J.J. Goldberg

How Israel's Politics vs. Security Rift Aids Jihadis

By J.J. Goldberg

  • Print
  • Share Share

Hamas fighters testing a Gaza-made M-75 long-range missile, November 2013 / Getty Images

Maariv’s Eli Bardenstein offered a stunningly clear and disturbing report (in Hebrew, my translation below) on Friday that illustrates the vexing complications introduced into the triangular Jerusalem-Cairo-Gaza relationship by political turmoil in all three places. It makes a very useful companion piece to today’s front-page New York Times report by Jodi Rudoren on Israeli jitters over instability on its eastern front.

In both cases, as Bardenstein notes and Rudoren sort of hints, the Netanyahu government is ignoring the intelligence supplied by its own security establishment, which shows jihadi organizations making life difficult for both Hezbollah in the north and Hamas in the south. The jihadis are creating turmoil, launching pinprick attacks on Israel that violate cease-fire agreements between Israel and Hezbollah and Hamas respectively. Hamas and Hezbollah are both besieged — Hamas by the new, anti-Islamist Egyptian military government, Hezbollah by jihadi spillover from the Syrian civil war (as well as political blowback from the Rafiq Hariri murder trial now underway in The Hague) — and are finding it increasingly difficult to enforce their respective cease-fires with Israel. Israel — meaning principally defense minister Moshe Yaalon — chooses to ignore the intelligence, blame Hamas and Hezbollah and launch military responses that only further weaken Hamas and Hezbollah and strengthen the jihadis.

I’ve translated Bardenstein’s piece below, but here’s the gist: Israel is alarmed at the unraveling of the November 2012 Pillar of Defense cease-fire “understandings” and the increasing rocket fire from Gaza — 17 rockets fired in January alone as of Friday (and more since then). It wants Egypt, which acts as mediator between Israel and Hamas, to pressure Hamas to stop the rocket fire. But Egypt has lost influence over Hamas since the military deposed the Muslim Brotherhood government of Mohamed Morsi last July. The military government’s approach is not to work with Hamas as Morsi did but to crack down on it.

Hamas, in turn, complains that the Egyptian crackdown — particularly the mass destruction of smuggling tunnels, which squeezes the Gaza economy — weakens Hamas rule and reduces its ability to control the jihadi organizations that are doing the firing. And both Cairo and Hamas complain that Israel has been making the situation worse by Defense Minister Moshe Yaalon’s insistence on responding to every single rocket launching, no matter how ineffectual, with aerial bombardment.

Since Friday’s Maariv report, Haaretz has published a report on the latest Israel-Hamas exchange, including a stepped-up Hamas crackdown on the rebel organizations following the last Wednesday’s multi-missile attack on Ashkelon and the Israeli air raid that followed.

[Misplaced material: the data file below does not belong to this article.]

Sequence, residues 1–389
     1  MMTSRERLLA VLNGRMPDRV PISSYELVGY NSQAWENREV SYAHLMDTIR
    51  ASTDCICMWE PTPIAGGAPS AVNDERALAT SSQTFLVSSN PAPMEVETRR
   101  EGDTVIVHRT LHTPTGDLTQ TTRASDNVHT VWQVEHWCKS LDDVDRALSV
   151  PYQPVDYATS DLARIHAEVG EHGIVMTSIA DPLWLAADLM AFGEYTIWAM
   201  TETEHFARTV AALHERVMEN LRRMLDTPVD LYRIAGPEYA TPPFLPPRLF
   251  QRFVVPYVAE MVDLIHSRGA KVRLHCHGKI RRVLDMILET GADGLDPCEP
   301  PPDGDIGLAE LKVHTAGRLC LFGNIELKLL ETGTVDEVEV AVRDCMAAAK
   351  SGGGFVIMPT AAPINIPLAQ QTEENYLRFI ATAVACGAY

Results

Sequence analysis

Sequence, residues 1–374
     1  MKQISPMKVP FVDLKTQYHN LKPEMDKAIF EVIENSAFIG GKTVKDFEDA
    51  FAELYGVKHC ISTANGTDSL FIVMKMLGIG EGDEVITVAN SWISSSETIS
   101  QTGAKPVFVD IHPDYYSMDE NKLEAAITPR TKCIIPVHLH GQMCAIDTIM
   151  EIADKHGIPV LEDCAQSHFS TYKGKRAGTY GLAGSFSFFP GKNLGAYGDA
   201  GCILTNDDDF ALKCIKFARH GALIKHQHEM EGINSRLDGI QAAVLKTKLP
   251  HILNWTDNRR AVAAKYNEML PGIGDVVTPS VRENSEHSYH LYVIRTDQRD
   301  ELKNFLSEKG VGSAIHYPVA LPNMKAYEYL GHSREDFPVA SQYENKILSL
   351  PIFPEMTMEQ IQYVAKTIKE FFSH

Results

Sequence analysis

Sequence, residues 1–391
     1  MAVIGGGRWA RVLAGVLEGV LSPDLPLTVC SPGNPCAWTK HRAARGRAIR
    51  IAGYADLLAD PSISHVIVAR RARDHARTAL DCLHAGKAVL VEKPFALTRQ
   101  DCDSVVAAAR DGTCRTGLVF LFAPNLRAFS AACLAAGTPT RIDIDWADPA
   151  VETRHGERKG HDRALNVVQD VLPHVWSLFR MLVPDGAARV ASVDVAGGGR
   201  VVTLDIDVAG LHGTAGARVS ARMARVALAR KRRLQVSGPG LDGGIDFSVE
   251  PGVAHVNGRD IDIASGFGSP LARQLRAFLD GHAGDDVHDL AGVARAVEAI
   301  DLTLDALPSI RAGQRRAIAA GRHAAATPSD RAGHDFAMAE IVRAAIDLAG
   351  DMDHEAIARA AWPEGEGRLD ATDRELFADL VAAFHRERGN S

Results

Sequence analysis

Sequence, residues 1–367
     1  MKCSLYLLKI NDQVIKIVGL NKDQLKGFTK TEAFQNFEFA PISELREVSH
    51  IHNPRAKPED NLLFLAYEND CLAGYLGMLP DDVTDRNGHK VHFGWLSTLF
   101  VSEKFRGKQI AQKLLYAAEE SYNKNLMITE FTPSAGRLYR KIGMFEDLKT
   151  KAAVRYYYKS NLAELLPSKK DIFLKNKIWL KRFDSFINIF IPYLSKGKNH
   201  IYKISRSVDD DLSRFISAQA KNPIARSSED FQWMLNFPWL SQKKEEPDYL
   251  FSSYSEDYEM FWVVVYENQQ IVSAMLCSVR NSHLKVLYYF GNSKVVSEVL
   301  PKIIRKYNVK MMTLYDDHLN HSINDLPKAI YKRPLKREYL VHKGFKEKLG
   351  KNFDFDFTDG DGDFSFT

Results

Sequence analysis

Here’s Bardenstein:

Fear Within the Defense Establishment that the Cease-fire Agreement with Hamas Is Disintegrating

Political sources: The a-Sisi regime is not pressuring Hamas to maintain the understandings reached after Operation ‘Pillar of Defense.’ The fear: The events will bring about a military escalation. By contrast, in Egypt they explain that the destruction of tunnels to Gaza helps Israel and ask it not to respond to every rocket.

In the last few weeks Israel’s defense establishment has begun to realize that the cease-fire agreement reached with Hamas during Operation Pillar of Defense in November 2012, via American and Egyptian mediation, is disintegrating. The unofficial understandings with Hamas, Israeli sources claim, have lost their influence on the situation in the field.

Sources in Jerusalem claim further that Egypt’s ability under the rule of Defense Minister Abdel Aziz a-Sisi to influence the organization has declined dramatically in comparison to that of President Muhammad Morsi, the deposed Muslim Brotherhood figure. Even though Hamas isn’t interested in a military escalation with Israel, it seems to have arrived.

“The mechanism for enforcement of the understandings has been greatly, weakened,” political sources in Jerusalem claim. “Israel understands that it’s impossible to relate to the cease-fire understandings as they were under Morsi. The understandings have lost influence.”

In the last few weeks, rocket fire from the Gaza Strip toward Israel has increased. Seventeen launches were counted from the beginning of January. Yesterday (Thursday 1/16) seven rockets were fired at Ashkelon — the heaviest barrage since Operation Pillar of Defense. Trials of the M-75 long-range missile continue actively and have even increased. In contradiction to the understandings, Hamas has not been preventing the Friday demonstrations along the fence.

Israel does not have contact with Hamas. The Egyptians, whose task this is, have lowered their profile since Morsi’s overthrow, and the level of dialogue between them and the organization has shrunk. Jerusalem wants Egypt to pressure Hamas to assert control over the rebel organizations and observe the Pillar of Defense understandings. The Egyptians refuse and claim that if they enter into a serious dialogue with the organization, they will have to back away from the blitz they are conducting against smuggling tunnels and the serious war they’re conducting against the Muslim Brotherhood and Hamas.